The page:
Fifteen quantitative and 12 qualitative studies were included. Two-thirds (n = 18) were focused on cancer. All studies identified adverse effects on workforce participation, finances, and lifestyle. Many patients were forced to work less or give up work/retire early because of symptoms and reduced functioning. In addition to treatment costs, patients and families were also faced with child care, travel, and home/car modification costs. Being younger was associated with greater employment and financial burden, whereas having children was associated with lower functional well-being. Changes in family roles were identified as challenging regardless of diagnosis, whereas maintaining normalcy and creating stability was seen as a priority by parents with advanced cancer. This review is limited by the smaller number of studies focussing on the needs of working age people with nonmalignant disease.
Significance of results:
Working age people facing an expected premature death and their families have significant unmet financial, employment, and lifestyle needs. Comparing and contrasting their severity, timing, and priority for people with nonmalignant conditions is required to better understand their unique needs.
Palliative care for nursing home residents with advanced dementia is often sub-optimal due to poor communication and limited care planning. In a cluster randomized controlled trial, registered nurses (RNs) from 10 nursing homes were trained and funded to work as Palliative Care Planning Coordinators (PCPCs) to organize family case conferences and mentor staff. This qualitative sub-study aimed to explore PCPC and health professional perceptions of the benefits of facilitated case conferencing and identify factors influencing implementation.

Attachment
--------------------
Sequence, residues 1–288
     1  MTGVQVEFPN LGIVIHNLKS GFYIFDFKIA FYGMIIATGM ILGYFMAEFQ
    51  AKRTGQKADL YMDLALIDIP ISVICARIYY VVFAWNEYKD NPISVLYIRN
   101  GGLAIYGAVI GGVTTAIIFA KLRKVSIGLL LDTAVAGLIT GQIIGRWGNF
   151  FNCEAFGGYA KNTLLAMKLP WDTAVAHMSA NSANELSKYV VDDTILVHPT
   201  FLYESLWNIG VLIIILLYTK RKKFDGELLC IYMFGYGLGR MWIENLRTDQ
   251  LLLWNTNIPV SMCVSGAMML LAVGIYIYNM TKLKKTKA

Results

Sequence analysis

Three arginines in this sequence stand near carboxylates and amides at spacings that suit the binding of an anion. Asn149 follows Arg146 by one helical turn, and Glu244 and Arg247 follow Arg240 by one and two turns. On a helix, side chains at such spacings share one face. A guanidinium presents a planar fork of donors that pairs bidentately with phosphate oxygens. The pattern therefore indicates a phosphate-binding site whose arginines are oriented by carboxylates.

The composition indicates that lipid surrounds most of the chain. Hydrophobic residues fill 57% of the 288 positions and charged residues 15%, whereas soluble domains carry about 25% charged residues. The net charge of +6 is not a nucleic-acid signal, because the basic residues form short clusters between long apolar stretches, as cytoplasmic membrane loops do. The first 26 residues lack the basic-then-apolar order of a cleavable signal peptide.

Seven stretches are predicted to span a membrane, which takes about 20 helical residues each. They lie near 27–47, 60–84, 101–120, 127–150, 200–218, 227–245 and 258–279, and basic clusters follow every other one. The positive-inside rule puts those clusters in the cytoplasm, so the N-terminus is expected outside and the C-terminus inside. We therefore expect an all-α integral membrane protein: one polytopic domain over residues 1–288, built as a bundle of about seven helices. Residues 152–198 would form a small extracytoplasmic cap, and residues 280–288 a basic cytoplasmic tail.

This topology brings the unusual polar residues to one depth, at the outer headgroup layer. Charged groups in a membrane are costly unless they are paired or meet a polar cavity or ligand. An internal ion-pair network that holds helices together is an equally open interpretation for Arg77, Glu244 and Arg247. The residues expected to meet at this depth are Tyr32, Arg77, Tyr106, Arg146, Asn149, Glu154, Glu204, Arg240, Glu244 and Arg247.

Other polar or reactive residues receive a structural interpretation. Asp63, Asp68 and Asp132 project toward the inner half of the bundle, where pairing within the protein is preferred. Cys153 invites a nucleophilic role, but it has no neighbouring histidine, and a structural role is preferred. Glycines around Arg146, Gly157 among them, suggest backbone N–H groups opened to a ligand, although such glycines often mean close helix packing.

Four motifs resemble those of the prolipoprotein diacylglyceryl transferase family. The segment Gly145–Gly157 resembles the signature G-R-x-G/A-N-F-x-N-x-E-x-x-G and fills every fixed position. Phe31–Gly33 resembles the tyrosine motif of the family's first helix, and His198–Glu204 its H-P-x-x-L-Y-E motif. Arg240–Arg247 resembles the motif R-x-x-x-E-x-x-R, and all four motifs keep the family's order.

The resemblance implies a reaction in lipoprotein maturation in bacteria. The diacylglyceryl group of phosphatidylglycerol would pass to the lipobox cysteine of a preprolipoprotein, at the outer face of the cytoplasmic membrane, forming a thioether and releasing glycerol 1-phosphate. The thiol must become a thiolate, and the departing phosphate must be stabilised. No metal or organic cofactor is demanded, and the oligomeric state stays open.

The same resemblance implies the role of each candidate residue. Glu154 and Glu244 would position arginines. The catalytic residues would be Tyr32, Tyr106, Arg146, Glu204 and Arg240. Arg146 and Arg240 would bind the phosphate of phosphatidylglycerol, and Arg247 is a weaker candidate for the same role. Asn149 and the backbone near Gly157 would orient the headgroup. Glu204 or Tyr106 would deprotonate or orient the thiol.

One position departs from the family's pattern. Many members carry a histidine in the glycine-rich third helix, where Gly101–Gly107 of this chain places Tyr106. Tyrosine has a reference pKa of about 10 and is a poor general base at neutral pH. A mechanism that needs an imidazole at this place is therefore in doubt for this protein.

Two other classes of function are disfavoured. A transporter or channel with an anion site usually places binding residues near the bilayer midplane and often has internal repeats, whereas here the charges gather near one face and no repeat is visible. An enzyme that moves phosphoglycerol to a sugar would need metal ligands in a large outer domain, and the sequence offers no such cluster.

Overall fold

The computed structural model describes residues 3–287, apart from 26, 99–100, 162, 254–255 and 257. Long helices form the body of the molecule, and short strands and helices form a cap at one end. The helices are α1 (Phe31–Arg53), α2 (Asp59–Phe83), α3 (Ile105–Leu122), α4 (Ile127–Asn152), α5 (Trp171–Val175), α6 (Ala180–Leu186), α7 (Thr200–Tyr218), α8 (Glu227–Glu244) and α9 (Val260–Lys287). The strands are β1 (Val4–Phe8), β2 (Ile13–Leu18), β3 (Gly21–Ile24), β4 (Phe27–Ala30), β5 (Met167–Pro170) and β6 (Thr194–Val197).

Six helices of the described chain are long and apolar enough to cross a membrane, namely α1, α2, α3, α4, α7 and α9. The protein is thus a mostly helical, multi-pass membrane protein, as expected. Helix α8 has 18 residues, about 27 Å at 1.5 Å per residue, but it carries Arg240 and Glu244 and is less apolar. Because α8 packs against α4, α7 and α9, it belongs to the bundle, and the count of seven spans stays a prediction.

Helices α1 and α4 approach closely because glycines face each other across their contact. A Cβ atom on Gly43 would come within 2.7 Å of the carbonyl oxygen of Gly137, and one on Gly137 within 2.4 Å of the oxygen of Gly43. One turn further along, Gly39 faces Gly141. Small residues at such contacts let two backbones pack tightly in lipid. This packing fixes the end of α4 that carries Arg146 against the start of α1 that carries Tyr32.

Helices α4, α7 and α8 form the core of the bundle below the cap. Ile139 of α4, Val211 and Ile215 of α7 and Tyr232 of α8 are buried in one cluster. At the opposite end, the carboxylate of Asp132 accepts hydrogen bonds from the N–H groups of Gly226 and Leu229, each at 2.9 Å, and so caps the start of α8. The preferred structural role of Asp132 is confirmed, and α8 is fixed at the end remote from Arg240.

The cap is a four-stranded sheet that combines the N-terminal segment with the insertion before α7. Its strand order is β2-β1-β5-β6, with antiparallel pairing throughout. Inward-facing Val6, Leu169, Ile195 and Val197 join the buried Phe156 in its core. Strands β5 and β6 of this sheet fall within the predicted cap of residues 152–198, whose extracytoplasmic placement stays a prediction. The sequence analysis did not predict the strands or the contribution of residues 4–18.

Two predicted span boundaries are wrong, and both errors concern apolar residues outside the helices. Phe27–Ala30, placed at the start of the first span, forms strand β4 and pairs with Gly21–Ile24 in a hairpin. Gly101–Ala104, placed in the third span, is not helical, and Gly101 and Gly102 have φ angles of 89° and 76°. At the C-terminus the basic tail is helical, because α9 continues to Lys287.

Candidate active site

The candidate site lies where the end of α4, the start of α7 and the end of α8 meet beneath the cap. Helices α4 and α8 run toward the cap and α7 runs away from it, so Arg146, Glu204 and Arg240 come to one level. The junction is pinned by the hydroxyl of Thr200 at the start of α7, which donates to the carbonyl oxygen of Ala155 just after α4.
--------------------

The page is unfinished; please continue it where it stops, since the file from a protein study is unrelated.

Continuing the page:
Semi-structured interviews were conducted with the RNs in the PCPC role, other members of nursing home staff, and physicians who participated in case conferences. Analysis was conducted by two researchers using a thematic framework approach.
Interviews were conducted with 11 PCPCs, 18 other nurses, eight allied health workers, and three physicians. Perceived benefits of facilitated case conferencing included better communication between staff and families, greater multi-disciplinary involvement in case conferences and care planning, and improved staff attitudes and capabilities for dementia palliative care. Key factors influencing implementation included: staffing levels and time; support from management, staff and physicians; and positive family feedback.
The facilitated approach explored in this study addressed known barriers to case conferencing. However, current business models in the sector make it difficult for case conferencing to receive the required levels of nursing qualification, training, and time. A collaborative nursing home culture and ongoing relationships with health professionals are also prerequisites for success. Further studies should document resident and family perceptions to harness consumer advocacy.